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Another area of technology development is the ever-less-humble window frame. Louis says he believes frames are where the industry will have the greatest success in coming years. "New frame materials are on the cutting edge of fenestration development, particularly as manufacturers continue to develop glass-fiber and composite technologies," he says.
Fiberglass frames have been on the market for several years. "Glass fiber offers equivalent strength to aluminum, it can be finished using a variety of standard paints, but it offers a higher level of thermal performance," says Louis.
Because newer frame materials are still a relatively young technology, there is not a wide variety of profiles or styles available, according to Louis. But he says he anticipates demand will increase when thermally efficient frames are mandated by codes and LEED and specified by consumers.
Manufacturers are testing low-e coatings on standard frame materials, such as aluminum, according to McGowan. "Some manufacturers are experimenting with material that will reduce the emissivity of an aluminum frame," he says.
The phrase "thermally broken" might sound like a bad thing. The reality, however, is much different. When insulated glass was initially being developed, manufacturers knew they had to keep panes of glass separated. Aluminum spacers commonly were used because of their low cost and acceptable structural properties. But aluminum's inherent thermal conductivity degraded potential performance, so other materials were used.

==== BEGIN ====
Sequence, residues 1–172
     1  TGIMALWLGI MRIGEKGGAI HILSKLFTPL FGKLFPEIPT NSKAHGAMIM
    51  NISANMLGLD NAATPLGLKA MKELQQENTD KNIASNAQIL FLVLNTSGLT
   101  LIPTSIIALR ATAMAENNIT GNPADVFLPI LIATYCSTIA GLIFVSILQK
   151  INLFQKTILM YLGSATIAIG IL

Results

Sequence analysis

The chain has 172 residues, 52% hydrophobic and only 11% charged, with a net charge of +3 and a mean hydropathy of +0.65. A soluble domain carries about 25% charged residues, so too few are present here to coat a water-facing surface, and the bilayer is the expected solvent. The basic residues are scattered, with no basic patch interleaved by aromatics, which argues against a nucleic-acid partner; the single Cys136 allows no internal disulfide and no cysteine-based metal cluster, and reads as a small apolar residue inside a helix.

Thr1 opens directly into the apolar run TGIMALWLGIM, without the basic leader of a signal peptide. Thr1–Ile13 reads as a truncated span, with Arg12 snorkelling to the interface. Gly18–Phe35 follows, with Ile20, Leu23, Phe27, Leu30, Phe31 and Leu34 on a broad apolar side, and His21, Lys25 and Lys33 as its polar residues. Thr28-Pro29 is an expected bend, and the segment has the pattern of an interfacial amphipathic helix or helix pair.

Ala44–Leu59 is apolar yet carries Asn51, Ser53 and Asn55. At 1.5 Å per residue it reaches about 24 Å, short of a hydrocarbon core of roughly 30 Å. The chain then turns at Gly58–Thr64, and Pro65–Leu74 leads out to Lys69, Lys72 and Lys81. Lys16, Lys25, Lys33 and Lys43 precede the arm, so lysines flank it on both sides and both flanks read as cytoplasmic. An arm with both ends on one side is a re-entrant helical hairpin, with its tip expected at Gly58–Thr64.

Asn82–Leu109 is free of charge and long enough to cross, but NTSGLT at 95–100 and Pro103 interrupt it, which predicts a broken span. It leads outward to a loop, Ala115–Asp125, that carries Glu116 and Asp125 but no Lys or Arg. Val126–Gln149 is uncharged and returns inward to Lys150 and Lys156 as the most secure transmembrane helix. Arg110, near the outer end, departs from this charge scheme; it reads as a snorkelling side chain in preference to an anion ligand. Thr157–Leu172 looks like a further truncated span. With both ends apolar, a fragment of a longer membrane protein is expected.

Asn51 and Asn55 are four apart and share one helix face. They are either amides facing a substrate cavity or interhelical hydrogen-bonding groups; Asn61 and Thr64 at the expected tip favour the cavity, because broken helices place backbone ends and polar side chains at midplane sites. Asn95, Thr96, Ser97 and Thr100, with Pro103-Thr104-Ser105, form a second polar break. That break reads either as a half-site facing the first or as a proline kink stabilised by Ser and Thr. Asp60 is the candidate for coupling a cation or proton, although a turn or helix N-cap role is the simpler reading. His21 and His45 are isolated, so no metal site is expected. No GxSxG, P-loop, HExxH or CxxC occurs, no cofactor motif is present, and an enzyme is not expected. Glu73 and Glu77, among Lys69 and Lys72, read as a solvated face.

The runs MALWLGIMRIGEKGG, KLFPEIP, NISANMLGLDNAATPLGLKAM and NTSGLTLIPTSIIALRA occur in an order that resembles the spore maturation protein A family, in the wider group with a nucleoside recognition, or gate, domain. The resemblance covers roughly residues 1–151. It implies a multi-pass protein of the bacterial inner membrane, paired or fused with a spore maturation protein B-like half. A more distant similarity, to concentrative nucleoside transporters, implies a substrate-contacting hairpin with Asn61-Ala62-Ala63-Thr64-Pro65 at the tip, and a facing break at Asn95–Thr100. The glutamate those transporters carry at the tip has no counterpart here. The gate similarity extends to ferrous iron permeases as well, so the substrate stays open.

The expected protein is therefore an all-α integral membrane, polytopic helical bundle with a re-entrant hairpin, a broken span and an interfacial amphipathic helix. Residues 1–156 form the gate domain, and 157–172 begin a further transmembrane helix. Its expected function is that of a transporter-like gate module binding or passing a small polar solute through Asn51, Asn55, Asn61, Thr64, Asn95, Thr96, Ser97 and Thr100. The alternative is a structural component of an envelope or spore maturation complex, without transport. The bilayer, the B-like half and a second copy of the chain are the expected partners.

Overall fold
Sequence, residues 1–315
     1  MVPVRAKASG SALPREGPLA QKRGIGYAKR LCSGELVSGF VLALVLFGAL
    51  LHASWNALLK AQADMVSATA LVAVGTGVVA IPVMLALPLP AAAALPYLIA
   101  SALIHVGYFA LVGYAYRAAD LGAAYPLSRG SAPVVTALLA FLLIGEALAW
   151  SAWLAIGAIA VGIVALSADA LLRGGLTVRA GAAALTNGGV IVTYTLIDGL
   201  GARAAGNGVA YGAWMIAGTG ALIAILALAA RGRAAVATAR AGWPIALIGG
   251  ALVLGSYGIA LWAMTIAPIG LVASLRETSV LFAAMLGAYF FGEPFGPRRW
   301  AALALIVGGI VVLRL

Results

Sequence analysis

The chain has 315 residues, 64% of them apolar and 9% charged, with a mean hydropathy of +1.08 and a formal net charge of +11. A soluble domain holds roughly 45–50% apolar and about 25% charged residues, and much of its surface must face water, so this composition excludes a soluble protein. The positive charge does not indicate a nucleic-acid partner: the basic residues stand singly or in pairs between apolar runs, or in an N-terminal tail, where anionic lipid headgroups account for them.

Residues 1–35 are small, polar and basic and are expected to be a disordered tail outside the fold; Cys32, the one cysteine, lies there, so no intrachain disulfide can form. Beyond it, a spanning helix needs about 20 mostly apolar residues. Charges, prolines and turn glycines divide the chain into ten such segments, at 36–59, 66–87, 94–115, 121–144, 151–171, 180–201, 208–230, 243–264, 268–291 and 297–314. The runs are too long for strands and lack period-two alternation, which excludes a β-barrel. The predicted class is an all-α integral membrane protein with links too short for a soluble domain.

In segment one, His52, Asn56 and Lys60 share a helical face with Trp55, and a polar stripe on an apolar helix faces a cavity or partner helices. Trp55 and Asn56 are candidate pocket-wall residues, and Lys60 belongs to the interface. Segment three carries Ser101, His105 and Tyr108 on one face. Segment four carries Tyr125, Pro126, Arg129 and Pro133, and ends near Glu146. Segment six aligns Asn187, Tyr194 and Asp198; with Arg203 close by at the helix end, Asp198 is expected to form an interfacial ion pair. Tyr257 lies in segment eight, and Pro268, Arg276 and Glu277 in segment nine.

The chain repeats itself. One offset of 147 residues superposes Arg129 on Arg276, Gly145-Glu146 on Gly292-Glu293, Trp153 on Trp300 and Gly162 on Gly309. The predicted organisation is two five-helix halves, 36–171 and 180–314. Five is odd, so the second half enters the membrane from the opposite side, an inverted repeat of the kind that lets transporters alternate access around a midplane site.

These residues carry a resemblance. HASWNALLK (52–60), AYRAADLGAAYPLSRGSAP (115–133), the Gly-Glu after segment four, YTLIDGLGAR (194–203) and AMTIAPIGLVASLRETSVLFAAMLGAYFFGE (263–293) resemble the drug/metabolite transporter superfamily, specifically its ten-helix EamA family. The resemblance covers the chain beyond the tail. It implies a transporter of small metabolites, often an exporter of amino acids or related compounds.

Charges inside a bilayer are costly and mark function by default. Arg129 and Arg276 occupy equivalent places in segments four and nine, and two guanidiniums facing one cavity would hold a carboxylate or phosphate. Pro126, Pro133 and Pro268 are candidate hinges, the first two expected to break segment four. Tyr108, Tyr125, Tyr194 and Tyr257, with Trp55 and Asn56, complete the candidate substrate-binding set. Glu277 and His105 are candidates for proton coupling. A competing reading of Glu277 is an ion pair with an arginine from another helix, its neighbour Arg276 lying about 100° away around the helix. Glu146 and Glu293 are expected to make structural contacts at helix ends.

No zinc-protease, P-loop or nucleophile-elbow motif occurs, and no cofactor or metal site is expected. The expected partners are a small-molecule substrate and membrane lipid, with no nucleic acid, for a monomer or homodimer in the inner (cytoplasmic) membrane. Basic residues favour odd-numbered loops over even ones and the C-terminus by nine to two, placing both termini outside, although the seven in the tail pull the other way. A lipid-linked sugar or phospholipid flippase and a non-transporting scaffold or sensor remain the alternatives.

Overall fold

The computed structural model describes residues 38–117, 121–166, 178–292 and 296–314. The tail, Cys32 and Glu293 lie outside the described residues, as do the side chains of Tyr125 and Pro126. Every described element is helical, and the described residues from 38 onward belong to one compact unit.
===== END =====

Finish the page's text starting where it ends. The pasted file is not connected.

Since then, hybrid designs have been developed. These warm-edge technologies often include insulating glass spacers. They can be open-channel metal, non-metallic, fiberglass or have "thermal breaks." The net result is that the edge of a pane of glass in a window assembly has a limited ability to transmit thermal losses. "[Warm edge] is a constantly evolving technology that holds a great deal of promise," says Louis.
Nevertheless, he notes, the technology does not currently appear to offer the same long-term reliable performance as low-e technology.
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